PART ONE
Living With Love, Chaos and Haley

"The first time we took Haley to the hospital, I guess I expected that they would put it all back together. But it's never all back together," said Christine Abaspour, Haley's mother.

When Haley Abaspour started seeing things that were not there - bugs and mice crawling on her parents' bed, imaginary friends sitting next to her on the couch, dead people at a church that housed her preschool - her parents were unsure what to think. After all, she was a little girl. Read more



PART TWO
What's Wrong With a Child? Psychiatrists Often Disagree

"Sometimes they help, sometimes they don't. Sometimes they make me feel like another person, like not normal," said Paul Williams, who at age 13 has taken a wide variety of psychiatric drugs.

Paul Williams, 13, has had almost as many psychiatric diagnoses as birthdays. Read more



PART THREE
Proof Is Scant on Psychiatric Drug Mix for Young

"We always debate meds," said Billy Igafo-Te'o. Mr. Igafo-Te'O is the father of Michael Igafo-Te'O, 12, who takes four drugs and has damaged their home so often that they no longer repair it.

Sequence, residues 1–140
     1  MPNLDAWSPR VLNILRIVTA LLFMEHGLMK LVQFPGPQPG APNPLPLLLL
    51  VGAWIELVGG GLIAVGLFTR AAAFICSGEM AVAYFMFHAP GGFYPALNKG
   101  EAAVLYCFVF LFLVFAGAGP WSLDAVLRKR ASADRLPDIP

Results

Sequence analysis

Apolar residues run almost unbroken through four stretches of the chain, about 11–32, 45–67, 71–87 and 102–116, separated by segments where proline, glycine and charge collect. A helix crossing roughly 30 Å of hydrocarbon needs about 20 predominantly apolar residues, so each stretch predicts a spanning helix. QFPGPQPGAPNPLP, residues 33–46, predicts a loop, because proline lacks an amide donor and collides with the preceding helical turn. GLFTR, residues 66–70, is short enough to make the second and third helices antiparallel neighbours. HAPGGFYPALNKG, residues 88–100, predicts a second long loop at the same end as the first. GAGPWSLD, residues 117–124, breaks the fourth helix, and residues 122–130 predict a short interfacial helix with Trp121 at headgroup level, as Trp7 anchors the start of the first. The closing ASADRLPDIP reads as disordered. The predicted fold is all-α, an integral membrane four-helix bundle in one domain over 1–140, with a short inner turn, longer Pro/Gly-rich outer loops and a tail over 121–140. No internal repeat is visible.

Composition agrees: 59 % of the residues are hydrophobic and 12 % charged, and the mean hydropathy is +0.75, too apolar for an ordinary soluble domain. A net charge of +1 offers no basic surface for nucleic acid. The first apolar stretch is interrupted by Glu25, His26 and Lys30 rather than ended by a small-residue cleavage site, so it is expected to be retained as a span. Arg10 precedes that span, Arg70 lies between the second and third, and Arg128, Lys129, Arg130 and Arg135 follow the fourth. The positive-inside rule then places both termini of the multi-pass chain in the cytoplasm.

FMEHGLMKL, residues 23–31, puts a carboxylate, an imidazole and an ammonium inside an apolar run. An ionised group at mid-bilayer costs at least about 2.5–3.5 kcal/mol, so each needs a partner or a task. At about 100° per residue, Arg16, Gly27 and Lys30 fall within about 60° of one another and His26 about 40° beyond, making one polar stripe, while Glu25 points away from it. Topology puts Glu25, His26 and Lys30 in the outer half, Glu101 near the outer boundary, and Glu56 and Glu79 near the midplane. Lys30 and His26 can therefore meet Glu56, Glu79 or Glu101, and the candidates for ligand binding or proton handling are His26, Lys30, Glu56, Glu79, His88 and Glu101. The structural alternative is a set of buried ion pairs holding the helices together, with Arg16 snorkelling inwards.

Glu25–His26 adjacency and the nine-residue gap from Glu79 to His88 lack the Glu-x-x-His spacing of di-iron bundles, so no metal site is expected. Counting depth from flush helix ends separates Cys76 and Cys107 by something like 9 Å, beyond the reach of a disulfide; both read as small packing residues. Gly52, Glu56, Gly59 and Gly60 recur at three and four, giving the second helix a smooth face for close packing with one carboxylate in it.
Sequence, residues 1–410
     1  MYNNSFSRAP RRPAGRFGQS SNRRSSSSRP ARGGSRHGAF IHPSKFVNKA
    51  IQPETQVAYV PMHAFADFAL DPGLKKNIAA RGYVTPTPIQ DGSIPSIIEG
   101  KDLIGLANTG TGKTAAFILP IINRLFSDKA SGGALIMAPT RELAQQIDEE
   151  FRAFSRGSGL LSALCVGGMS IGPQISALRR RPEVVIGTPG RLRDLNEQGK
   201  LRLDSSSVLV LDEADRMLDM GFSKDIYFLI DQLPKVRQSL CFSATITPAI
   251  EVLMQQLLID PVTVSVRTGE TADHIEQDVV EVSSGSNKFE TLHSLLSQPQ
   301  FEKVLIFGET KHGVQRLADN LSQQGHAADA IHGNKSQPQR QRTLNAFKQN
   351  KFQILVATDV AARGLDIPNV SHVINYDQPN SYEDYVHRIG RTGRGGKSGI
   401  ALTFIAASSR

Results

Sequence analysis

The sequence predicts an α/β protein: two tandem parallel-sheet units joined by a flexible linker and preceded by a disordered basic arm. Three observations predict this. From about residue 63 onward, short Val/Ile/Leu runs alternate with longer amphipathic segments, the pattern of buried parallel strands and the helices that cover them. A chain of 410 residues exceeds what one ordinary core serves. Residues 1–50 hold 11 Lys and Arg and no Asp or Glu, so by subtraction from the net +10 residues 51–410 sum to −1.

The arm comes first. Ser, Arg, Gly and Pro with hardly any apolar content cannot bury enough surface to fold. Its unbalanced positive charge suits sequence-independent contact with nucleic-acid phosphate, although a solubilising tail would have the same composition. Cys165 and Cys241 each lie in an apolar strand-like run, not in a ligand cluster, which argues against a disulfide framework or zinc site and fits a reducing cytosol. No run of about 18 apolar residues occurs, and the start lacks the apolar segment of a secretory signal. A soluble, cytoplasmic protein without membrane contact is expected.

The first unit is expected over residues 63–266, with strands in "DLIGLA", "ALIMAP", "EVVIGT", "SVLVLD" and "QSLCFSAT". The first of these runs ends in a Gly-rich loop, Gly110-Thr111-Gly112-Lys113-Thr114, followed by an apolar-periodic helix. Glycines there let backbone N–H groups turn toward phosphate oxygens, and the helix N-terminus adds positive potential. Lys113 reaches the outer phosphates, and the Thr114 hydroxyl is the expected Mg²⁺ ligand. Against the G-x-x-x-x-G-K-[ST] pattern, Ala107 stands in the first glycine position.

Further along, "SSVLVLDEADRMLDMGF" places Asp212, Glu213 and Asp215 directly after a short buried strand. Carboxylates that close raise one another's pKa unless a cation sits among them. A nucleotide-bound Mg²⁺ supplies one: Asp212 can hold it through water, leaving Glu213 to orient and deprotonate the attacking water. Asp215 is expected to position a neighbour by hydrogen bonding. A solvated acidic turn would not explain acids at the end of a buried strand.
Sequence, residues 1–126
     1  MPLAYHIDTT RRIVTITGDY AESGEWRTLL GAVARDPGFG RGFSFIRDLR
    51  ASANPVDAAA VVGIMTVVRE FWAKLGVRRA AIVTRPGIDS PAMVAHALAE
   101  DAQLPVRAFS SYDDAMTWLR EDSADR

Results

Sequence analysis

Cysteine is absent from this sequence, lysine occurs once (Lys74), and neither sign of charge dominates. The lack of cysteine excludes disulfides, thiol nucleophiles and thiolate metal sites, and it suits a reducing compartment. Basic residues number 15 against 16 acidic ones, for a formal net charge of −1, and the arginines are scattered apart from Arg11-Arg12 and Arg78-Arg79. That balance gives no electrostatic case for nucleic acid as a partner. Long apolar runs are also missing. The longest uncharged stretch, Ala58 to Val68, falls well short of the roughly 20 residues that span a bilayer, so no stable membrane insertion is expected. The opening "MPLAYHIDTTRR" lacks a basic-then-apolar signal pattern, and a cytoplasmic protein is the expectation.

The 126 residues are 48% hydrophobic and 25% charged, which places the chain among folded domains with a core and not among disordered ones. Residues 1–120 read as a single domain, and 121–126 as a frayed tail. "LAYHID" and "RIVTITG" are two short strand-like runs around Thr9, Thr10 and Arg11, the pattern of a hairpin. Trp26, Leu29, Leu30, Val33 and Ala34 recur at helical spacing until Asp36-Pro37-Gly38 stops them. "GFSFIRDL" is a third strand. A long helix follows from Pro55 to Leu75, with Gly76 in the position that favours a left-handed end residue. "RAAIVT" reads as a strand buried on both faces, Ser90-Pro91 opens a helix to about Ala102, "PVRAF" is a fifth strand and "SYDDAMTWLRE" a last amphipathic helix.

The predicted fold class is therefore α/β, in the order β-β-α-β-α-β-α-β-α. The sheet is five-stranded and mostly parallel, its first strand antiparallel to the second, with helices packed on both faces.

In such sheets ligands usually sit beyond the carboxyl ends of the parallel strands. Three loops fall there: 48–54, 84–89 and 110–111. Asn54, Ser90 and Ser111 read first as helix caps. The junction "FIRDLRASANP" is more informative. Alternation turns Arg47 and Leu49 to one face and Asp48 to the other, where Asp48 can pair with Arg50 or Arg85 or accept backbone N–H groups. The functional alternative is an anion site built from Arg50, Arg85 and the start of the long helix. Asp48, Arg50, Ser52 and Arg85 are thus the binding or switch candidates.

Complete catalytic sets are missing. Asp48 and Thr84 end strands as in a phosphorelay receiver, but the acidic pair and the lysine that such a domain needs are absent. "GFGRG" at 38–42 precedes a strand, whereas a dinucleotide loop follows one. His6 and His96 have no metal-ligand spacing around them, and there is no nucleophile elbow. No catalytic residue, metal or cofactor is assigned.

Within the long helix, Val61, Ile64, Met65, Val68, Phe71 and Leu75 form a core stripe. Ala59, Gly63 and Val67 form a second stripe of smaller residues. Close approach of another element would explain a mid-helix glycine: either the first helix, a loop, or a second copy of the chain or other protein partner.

Their rooms are a mess, their trophies line the walls, and both have profiles on MySpace.com. Stephen and Jacob Meszaros seem like typical teenagers until their mother offers a glimpse into the family's medicine cabinet. Read more



PART FOUR
Off to College Alone, Shadowed by Mental Illness

"We can set up all the protective measures we want and still there is just no way to tell what is going to happen, and man, that’s hard." JEAN LYNCH-THOMASON At 17, she wanted some distance from her parents.

Her mother called it a negotiable proposition. But to Jean Lynch-Thomason, a 17-year-old with bipolar disorder who started college this fall, her mom's notion to fly from their home in Nashville to her campus in Olympia, Wash., every few weeks to monitor Jean's illness felt needlessly intrusive. Read more



PART FIVE
Parenting as Therapy for Child's Mental Disorders

"I don’t want him to look back and think the successes he’s had are all due to a drug," said Dawn Van De Wal, a mother of a child with attention deficit diagnosis.

In school he was as floppy and good-natured as a puppy, a boy who bear-hugged his friends, who was always in motion, who could fall off his chair repeatedly, as if he had no idea how to use one. Read more